At this 124-year-old livestock show, kids steal the spotlight with their prize animals
Thousands of competitors come to the American Royal Livestock Show in Kansas City, Missouri, each year to show their best livestock. The competition includes children as young as 7 years old, who take part in a long tradition of raising and showing their animals.
Bre Engler, 9, peppers little kisses across the forehead of her cow, Kinsley, while she waits for her father to set up the stall’s bedding.
“Sometimes after we wash her and comb her and all that, I'll give her kisses all over,” she says.
Kinsley is just one of the many heifers in the stalling, the indoor area where the animals are kept before the show. Families set up tables and chairs while their cows’ relax in their stalls and they wait for the shows to start.
Engler, who has just finished washing her cow, is preparing to enter her in the showmanship competition, where the judges will be watching for how well she handles the animal when she leads it around the ring.
“I feel pretty nervous and I have butterflies in my tummy, but as soon as I step in the ring, I feel like I'm home,” she says, “because when I’m in the ring with my cow, they just calm down and it’s my happy place.”
Over 4,000 head of cattle, sheep, hogs and goats arrived in Kansas City, Missouri, for the annual American Royal Livestock Show. The event, which is one of the largest in the nation, goes all the way back to 1899. Over 2,000 exhibitors, some as young as 7 years old, traveled from all over the United States to compete in competitions and show off their livestock.
Nathan Lauden, the director of education for the American Royal says that doing shows like this instills not only a sense of responsibility in the kids, but also an understanding of agriculture.
“Absolutely we want these young people to hopefully stay involved in the food and agriculture industry,” he says. “If they don't, hopefully they have an appreciation for what it is afterwards.”
Just a floor above the cattle, the sounds of shears and blow dryers fill the stalling where the sheep and goats are kept. Andre Carter, 10, of Perkins, Oklahoma, dries his lamb, Bdub, so that he can shear it before the competition. Like many other youth exhibitors, showing livestock is a generational tradition for him.
“I got into this because my dad showed lambs, my grandpa showed lambs and then my sister showed lambs and then I start showing lambs,” he says.
Carter has done other shows before, but this is his first time at the American Royal.
“Sometimes before I go to my class, I watch other people who are more experienced with sometimes better lambs and how they place and how they set up and how quick they do it.”
Riley Stucker, 18, from Lee County, Iowa, has many years of experience showing hogs. He weighs his pig in the Governors Exposition Hall while other exhibitors mill about around him, guiding their pigs to and from their pens.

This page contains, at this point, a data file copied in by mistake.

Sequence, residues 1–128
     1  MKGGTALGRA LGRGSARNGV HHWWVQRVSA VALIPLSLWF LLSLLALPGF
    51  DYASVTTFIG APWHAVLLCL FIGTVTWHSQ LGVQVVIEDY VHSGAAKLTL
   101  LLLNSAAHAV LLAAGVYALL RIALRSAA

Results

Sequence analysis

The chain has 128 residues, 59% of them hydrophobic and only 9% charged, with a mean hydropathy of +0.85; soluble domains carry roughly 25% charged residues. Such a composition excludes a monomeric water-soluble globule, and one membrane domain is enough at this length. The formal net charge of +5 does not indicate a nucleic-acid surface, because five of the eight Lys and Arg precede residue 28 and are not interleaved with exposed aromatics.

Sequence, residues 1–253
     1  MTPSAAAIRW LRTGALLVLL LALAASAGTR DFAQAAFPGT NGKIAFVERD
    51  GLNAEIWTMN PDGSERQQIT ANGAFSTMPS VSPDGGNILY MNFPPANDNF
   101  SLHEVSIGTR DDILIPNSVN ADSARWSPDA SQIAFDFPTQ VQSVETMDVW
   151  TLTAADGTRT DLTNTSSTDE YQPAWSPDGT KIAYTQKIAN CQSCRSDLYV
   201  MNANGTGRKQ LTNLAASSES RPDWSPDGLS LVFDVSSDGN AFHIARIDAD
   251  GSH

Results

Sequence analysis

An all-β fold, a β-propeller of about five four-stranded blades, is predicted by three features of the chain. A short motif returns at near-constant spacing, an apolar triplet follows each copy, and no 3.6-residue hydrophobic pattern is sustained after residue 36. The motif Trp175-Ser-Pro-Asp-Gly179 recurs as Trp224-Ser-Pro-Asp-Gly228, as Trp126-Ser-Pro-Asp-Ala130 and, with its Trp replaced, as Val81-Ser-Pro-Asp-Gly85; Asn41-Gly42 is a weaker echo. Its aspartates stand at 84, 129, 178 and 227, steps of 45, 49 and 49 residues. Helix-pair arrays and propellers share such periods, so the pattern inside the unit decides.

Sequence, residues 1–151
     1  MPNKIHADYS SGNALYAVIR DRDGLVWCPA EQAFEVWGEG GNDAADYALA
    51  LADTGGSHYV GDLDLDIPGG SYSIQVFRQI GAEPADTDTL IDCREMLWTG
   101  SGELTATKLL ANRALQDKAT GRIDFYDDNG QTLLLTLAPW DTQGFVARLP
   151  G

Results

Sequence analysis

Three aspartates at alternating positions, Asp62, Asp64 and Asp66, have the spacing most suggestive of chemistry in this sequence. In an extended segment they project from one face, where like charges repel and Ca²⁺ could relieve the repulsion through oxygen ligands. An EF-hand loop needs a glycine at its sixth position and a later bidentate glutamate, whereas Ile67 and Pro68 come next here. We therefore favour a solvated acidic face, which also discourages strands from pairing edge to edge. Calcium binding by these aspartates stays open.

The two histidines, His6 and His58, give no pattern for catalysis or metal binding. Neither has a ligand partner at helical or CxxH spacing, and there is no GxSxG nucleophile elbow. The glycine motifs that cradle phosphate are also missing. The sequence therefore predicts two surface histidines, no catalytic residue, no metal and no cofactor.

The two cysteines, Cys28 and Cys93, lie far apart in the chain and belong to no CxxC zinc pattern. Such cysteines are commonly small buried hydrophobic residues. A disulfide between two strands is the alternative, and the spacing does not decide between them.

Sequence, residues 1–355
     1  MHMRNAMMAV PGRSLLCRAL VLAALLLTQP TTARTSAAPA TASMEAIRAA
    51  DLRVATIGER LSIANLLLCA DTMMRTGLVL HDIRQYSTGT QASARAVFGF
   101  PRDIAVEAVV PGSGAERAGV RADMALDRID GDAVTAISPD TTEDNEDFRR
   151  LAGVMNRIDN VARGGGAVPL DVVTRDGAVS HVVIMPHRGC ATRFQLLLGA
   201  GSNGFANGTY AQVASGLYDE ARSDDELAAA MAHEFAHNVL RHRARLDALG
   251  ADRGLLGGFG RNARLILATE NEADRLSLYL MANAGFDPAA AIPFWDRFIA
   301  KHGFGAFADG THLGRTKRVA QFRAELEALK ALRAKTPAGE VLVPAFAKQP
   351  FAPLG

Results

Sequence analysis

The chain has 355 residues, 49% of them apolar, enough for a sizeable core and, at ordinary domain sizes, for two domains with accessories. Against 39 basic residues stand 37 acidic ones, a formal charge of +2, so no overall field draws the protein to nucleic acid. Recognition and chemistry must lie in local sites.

“It's more than just learning how to care for livestock,” he says. “One of the biggest things I've learned is dealing with your losses because the main thing we're doing here is trying to win a show, but you win way less shows than you'll ever lose.”
Going into his senior year of high school, this is one of his last shows, but he’s hoping to attend college for agriculture and continue working in the livestock show industry.
“I sacrificed basically everything I had and I gave up all my sports and everything for this, so it's something that I really enjoy and hope to make something out of,” he says.
Many of the young people say that taking care of livestock takes a large amount of time and commitment, as they have to be exercised, groomed, watered and fed every day.
Catalina Cutshaw, 15, from Louisburg, Kansas, brought her lamb, Little Dale, to the show.
“Day to day wise, I work 'em every day,” she says, “I clipped him this morning and I washed him right before this and I brushed his legs.”
She waits in the holding ring of Hale Arena, where most of the animals are shown except for the hogs. The categories move quickly, with kids filing their sheep in and out of the ring. Bleats echo across the large arena over the sounds of the exhibitors chatting with their friends and family as they wait in the holding ring for their turn to show.
Before Cutshaw goes in, her grandmother presses a coin into her hand for good luck.
“I'm kind of nervous. My grandma just got here so I'm excited 'cause she drove all the way up here to watch me,” says Cutshaw.
This is Allison Throckmorton’s first time at a large show. After her category, the 8-year-old from San Antonio, Texas, waits on the side of the ring to get her picture taken with her sixth-place ribbon and her lamb, Tornado.
“He didn't jump, he walked all the time, so I think that's good.”
She says she loves doing livestock shows because she gets to bond with animals.
“I think it's fun having sheep because once you get to train him, he's not so crazy,” she says.
Caroline Andrews, 18, another Texas native, just got out of the ring with her paint goat, Picasso. No stranger to showing livestock, her favorite memories are with her previous goat, M&M.
“He was really special to me because we bonded so well, and we worked so well as a pair. It just made it easy,” she says.
For some categories at livestock shows, the goal is to make sale, which means that the best livestock is sold to buyers. Andrews sold M&M at a show back in Texas.
“I always get sad. They say that you get over it after a while, but it is still upsetting,” she says, “but then you remember how hard you worked. It's a true dedication to your hard work.”
This story was produced in partnership with Harvest Public Media, a collaboration of public media newsrooms in the Midwest. It reports on food systems, agriculture and rural issues.